The rules for field references in a sort order are the same as those for field references in the
filter clause in general; however, odd things may happen if a sort field is from a secondary
relation.

=item params

Reference to a list of parameter values to be substituted into the filter clause.

=item RETURN

Returns a list of B<ERDBObject>s that satisfy the query conditions.

=back

=cut
#: Return Type @%
sub GetList {
    # Get the parameters.
    my ($self, $objectNames, $filterClause, $params) = @_;
    # Declare the return variable.
    my @retVal = ();
    # Perform the query.
    my $query = $self->Get($objectNames, $filterClause, $params);
    # Loop through the results.
    while (my $object = $query->Fetch) {
        push @retVal, $object;
    }
    # Return the result.
    return @retVal;
}

=head3 GetCount

C<< my $count = $erdb->GetCount(\@objectNames, $filter, \@params); >>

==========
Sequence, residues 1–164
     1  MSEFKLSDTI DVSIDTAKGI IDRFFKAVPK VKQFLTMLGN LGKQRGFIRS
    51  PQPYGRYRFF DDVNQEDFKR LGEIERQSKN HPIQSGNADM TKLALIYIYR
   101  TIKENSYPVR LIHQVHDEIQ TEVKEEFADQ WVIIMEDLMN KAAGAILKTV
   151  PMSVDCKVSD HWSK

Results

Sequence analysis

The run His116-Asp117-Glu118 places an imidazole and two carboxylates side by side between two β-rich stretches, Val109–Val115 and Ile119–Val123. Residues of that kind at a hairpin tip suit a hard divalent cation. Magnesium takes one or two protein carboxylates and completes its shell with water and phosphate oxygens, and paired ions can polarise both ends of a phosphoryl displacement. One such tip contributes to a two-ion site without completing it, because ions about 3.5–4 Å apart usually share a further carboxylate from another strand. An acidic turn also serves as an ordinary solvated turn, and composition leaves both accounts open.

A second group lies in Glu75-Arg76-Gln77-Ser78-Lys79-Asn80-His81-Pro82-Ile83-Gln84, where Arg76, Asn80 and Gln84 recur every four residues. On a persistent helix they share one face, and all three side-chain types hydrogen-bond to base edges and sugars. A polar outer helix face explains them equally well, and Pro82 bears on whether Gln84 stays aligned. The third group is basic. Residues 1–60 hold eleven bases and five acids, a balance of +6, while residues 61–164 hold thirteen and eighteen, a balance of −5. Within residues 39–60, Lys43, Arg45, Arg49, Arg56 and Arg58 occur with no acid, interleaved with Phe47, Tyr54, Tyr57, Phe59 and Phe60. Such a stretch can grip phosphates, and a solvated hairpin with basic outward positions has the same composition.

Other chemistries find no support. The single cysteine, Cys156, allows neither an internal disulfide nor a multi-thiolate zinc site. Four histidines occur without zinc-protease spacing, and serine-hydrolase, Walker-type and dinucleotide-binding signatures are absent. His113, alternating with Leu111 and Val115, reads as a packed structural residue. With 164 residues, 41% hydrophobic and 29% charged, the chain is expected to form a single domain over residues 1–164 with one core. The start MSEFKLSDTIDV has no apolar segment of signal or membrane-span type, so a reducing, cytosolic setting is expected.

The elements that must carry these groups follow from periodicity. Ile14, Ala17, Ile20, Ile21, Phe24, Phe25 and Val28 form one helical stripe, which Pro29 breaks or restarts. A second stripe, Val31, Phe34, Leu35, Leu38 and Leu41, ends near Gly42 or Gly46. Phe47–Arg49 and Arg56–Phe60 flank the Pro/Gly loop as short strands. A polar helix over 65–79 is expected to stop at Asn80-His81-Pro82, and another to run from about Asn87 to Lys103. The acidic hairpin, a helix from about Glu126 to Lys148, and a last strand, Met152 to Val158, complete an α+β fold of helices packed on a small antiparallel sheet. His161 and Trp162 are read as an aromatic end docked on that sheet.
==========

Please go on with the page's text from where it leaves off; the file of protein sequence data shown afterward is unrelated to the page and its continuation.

Return the number of rows found by a specified query. This method would
normally be used to count the records in a single table. For example, in a
genetics database

    my $count = $erdb->GetCount(['Genome'], 'Genome(genus-species) LIKE ?', ['homo %']);

would return the number of genomes for the genus I<homo>. It is conceivable, however,
to use it to return records based on a join. For example,

    my $count = $erdb->GetCount(['HasFeature', 'Genome'], 'Genome(genus-species) LIKE ?',
                                ['homo %']);

would return the number of features for genomes in the genus I<homo>. Note that
only the rows from the first table are counted. If the above command were

    my $count = $erdb->GetCount(['Genome', 'Feature'], 'Genome(genus-species) LIKE ?',
                                ['homo %']);

it would return the number of genomes, not the number of genome/feature pairs.

=over 4

=item objectNames

Reference to a list of the objects (entities and relationships) included in the
query.

=item filter